Like a tourist on a cruise ship, the by-the-wind sailor jellyfish (Velella velella) spends its days drifting aimlessly through the open sea, gorging itself on an endless buffet of complementary morsels.
The jelly straddles the ocean's surface with a rigid sail poking just above the water and an array of purple tentacles dangling just underneath. As the sail catches wind, the jelly floats from place to place, capturing tiny fish and plankton wherever it roams. Thriving Velella colonies can include millions of individuals, all just partying and chowing down together in the open water. Life is good.
Until, that is, the wind blows a colony of sailor jellies onto shore.
Every year, on beaches around the world, colonies of sailor jellies become stranded by the thousands. There, they dry up and die, becoming a "crunchy carpet" of dehydrated corpses covering the sand, Julia Parrish, a University of Washington professor and co-author of a new study on mass Velella strandings, said in a statement.
Related: Image gallery: Jellyfish rule!
Sailor jelly strandings are common when seasonal winds change course, but some — like a 2006 event on the west coast of New Zealand — are on another level entirely, with the jellyfish corpses numbering not in the thousands, but in the millions. Why? What force of nature makes some Velella strandings so much larger than others?
Parrish and her colleagues wanted to find out. So, in their new study (published March 18 in the journal Marine Ecology Progress Series) they delved into 20 years of Velella observations reported along the west coast of the United States.
The observations came from a program called the Coastal Observation and Seabird Survey Team, also known as COASST, which trains citizen scientists to search their local beaches for marine birds that have washed ashore, plus any other unusual animal sightings. COASST's network covers hundreds of beaches stretching from northern California to the Arctic Circle, according to the group's website — and, of course, some members have had run-ins with Velella.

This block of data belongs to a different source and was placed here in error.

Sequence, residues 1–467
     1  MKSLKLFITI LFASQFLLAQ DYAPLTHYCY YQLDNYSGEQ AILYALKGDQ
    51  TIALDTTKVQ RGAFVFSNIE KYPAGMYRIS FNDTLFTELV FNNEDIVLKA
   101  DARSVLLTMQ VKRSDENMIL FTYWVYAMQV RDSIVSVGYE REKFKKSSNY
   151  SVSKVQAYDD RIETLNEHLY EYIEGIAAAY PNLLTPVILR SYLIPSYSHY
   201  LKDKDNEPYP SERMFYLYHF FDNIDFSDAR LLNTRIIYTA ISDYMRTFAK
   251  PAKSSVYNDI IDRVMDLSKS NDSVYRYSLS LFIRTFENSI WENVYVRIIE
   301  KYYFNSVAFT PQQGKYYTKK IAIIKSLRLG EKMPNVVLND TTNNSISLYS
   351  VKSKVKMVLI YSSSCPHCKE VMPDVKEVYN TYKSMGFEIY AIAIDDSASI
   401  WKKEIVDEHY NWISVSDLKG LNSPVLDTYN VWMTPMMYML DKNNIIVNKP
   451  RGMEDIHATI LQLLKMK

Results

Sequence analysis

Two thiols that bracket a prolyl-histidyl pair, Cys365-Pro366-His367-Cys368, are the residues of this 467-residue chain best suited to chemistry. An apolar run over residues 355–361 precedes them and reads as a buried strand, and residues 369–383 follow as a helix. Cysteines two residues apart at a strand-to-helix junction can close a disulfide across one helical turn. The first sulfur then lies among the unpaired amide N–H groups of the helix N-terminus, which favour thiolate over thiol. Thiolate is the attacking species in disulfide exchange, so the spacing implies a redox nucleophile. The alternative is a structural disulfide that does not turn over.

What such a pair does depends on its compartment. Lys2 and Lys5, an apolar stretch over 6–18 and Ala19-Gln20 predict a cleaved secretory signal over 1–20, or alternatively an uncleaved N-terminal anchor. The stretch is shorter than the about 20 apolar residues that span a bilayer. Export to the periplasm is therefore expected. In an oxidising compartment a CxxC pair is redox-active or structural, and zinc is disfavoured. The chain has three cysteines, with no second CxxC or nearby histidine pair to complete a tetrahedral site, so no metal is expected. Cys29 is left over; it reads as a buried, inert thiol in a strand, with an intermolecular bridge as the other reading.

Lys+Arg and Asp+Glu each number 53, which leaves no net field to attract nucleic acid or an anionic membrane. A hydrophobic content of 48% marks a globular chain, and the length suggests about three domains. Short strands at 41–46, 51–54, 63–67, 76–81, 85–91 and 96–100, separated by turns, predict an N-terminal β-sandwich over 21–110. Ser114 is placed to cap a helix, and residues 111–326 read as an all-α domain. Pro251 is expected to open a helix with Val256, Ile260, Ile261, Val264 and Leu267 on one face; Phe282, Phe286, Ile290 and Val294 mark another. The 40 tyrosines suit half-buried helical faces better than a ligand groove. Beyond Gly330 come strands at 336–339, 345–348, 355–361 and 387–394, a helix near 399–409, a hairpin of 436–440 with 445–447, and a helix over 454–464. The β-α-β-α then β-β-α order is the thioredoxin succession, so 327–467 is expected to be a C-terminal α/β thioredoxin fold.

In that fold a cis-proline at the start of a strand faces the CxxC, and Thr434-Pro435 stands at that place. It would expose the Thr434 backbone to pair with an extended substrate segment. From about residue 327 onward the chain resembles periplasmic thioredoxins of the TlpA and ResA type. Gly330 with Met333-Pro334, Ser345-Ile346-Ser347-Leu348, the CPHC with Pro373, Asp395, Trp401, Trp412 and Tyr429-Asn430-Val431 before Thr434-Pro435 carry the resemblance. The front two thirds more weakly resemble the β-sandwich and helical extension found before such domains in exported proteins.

The researchers found nearly 500 reports of Velella strandings in the COASST database, sighted on nearly 300 beaches. According to these reports, the most massive die-offs by far occurred during spring months from 2015 to 2019. During those years, dead jellyfish littered more than 620 miles (1,000 kilometers) of continuous coastline, the researchers found.
Those jellyfish die-offs also coincided with a massive marine heat wave known as "the blob." Beginning in 2013, surface waters off the Pacific coast began heating up to levels never recorded before, Live Science previously reported. The intense warming continued through 2016, tampering with every level of the marine food chain and resulting in mass die-offs of seabirds, baleen whales, sea lions and other creatures. According to the new study, it's likely that the blob drove the mass die-offs of by-the-wind sailor jellyfish reported during those years.
The catch is, those warming ocean waters may have actually been good for the jellies, the researchers said. As the blob increased ocean surface temperatures, certain fish (such as northern anchovies) benefited from longer spawning seasons, providing more food for Velella jellies to gobble up earlier in the year. This may have caused jellyfish populations to spike before seasonal wind changes blew the jellies ashore in the spring.
In other words, the blob may have helped Velella jellies thrive off the Pacific coast, leading to much larger stranding events those years. The sailor jellies could therefore become climate change "winners" as global warming is predicted to increase the frequency of marine heat waves, the researchers wrote. But their success will come at the expense of other, less fortunate creatures — and a whole mess of jellyfish carcasses on our coasts.
"A changing climate creates new winners and losers in every ecosystem," Parrish said in the statement. "What's scary is that we're actually documenting that change."
Originally published on Live Science.
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Brandon is the space/physics editor at Live Science. His writing has appeared in The Washington Post, Reader's Digest, CBS.com, the Richard Dawkins Foundation website and other outlets. He holds a bachelor's degree in creative writing from the University of Arizona, with minors in journalism and media arts. He enjoys writing most about space, geoscience and the mysteries of the universe.